What is Art? What is Poetry?
For centuries, people have been asking what is art? Is art a question? An answer? An expression? A statement? Maybe it’s sheer entertainment.
It’s a question we must answer for ourselves, especially artists and writers.
I believe the best art entertains while it provokes thought or emotion, but that’s just my personal opinion. You might seek art that makes you laugh or fills you with awe. Some prefer art that is masterfully crafted, regardless of the content or messages it communicates.
“Painting is poetry that is seen rather than felt,
and poetry is painting that is felt rather than seen.”
– Leonardo da Vinci
In the world of art, poetry is particularly tricky to define because it can be so many things. Consider Dr. Seuss’s frolicking stories written in meter versus the social-political poetry of Adrienne Rich or the tribute poetry of Robert Frost and you soon realize that poetry’s purpose is really the poet’s purpose.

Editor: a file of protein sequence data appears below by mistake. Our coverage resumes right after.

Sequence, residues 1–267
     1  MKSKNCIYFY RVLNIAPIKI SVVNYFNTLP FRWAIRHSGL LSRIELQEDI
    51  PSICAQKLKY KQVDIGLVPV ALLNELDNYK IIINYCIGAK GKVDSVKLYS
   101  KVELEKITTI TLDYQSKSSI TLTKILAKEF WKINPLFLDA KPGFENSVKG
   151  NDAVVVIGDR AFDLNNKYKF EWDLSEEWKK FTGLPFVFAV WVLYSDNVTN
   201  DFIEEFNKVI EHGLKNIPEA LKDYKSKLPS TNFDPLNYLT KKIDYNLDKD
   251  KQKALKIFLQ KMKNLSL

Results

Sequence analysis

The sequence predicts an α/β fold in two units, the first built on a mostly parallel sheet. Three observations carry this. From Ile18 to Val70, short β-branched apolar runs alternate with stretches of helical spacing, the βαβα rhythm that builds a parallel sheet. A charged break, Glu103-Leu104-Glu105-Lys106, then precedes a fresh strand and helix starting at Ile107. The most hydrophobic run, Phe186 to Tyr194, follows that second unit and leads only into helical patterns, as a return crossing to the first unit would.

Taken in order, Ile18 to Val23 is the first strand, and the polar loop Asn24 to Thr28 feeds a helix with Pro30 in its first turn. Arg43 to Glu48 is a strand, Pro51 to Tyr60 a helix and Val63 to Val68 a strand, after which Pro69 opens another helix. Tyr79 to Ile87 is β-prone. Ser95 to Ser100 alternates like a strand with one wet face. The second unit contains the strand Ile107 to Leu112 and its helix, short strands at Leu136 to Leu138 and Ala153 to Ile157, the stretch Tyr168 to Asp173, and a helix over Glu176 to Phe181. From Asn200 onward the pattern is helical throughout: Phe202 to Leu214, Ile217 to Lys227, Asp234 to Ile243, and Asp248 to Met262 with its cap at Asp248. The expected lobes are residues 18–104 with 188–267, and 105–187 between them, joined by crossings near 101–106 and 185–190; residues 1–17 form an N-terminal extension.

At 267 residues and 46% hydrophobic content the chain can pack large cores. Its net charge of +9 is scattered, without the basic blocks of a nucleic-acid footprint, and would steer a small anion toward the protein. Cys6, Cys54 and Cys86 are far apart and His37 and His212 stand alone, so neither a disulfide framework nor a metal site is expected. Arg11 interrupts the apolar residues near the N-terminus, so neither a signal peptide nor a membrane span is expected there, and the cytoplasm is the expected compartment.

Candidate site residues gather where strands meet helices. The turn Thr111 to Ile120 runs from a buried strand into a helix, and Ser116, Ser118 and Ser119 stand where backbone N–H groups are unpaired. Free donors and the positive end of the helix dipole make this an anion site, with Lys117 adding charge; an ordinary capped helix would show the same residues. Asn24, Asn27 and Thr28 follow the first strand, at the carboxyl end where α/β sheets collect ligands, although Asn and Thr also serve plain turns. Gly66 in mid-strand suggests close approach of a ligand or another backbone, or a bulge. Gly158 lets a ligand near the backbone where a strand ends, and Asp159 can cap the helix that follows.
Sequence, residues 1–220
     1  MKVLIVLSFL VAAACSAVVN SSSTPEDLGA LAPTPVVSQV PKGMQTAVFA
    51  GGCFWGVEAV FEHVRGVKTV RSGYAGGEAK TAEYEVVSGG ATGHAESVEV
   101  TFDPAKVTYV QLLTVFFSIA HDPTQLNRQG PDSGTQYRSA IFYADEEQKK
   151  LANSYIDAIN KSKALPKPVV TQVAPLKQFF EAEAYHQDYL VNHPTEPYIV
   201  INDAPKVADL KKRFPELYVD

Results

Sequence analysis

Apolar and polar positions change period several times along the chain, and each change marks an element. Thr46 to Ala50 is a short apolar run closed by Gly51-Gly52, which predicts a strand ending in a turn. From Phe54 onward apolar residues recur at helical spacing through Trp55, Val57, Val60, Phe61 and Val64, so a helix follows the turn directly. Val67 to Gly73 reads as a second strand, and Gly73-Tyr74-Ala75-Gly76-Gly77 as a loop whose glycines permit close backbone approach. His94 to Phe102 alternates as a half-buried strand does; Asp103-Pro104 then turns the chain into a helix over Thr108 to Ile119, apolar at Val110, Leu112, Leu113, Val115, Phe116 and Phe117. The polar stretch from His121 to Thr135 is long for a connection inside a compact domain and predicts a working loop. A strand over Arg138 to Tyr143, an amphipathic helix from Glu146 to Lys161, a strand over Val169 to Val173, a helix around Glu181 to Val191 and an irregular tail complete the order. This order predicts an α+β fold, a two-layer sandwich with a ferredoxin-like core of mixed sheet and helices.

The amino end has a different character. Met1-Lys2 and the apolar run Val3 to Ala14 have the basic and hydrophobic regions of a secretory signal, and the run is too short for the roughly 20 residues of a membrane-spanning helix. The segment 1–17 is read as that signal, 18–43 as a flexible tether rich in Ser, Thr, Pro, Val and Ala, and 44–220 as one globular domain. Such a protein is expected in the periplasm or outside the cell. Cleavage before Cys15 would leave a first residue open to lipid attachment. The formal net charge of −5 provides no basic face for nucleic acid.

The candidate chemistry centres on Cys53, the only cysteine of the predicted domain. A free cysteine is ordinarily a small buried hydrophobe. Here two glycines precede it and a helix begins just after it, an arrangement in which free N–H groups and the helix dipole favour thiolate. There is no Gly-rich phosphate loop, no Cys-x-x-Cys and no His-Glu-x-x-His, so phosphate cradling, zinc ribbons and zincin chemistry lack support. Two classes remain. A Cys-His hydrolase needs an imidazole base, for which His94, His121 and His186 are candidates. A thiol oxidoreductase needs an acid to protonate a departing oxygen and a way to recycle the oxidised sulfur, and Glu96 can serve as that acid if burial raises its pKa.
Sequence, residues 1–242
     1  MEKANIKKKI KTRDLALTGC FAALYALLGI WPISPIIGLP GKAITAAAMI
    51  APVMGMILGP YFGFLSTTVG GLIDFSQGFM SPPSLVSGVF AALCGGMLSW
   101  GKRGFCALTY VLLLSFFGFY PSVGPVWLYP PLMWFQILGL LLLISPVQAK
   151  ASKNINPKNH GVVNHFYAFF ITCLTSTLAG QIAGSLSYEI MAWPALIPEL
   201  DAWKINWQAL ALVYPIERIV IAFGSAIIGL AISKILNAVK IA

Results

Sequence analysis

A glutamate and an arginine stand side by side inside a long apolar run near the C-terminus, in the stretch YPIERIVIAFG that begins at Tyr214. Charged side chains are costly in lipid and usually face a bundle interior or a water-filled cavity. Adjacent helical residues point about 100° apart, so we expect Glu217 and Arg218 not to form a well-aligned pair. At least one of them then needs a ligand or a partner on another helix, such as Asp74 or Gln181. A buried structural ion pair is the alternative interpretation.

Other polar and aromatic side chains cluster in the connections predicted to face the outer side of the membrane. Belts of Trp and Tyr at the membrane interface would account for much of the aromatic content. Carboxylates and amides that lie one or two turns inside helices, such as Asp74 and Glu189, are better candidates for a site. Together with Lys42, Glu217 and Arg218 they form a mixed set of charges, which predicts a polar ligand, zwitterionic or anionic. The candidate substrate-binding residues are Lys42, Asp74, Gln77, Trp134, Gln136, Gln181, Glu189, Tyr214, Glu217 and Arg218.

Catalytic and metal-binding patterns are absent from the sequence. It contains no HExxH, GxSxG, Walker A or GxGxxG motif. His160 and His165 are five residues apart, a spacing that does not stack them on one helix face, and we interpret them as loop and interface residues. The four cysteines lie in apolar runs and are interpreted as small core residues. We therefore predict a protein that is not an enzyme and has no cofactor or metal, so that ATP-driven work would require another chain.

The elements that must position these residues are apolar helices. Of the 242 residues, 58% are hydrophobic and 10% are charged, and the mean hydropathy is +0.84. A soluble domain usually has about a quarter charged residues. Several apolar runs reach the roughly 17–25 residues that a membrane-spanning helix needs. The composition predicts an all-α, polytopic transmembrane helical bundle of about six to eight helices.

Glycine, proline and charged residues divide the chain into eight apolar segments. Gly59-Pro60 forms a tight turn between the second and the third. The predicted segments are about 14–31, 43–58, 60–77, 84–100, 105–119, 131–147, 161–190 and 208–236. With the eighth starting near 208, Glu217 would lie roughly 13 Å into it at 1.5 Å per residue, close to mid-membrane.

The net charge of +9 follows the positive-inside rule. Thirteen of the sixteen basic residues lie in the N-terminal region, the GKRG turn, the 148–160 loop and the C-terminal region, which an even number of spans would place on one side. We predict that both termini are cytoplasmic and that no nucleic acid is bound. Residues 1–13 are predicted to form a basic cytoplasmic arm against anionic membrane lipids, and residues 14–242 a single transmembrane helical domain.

When Leonardo da Vinci talks about a painting as a poem that is seen (as opposed to read), I think he’s making on observation about art, something similar to the idea that “a picture is worth a thousand words.” A single painting can express ideas and emotions that would take a thousand words or more to convey in poetry or prose.
But when he talks about poetry as a painting that is felt rather than seen, he digs into the heart of what poetry can be — text that moves people emotionally. I would expand on that to note that often poetry (and other art) provokes emotions that are difficult or even impossible to put into clear words. Sometimes you read a poem and it makes you feel or understand something, but you couldn’t possibly explain it in concrete terms, and if you could, it would take an essay, or even an entire book, to convey what the poem communicated — what it made you feel — in a few lines.
That’s the magic of art and poetry. Ultimately, it is a form of communication that is almost psychic in nature.
What does poetry mean to you? How do you define or identify art?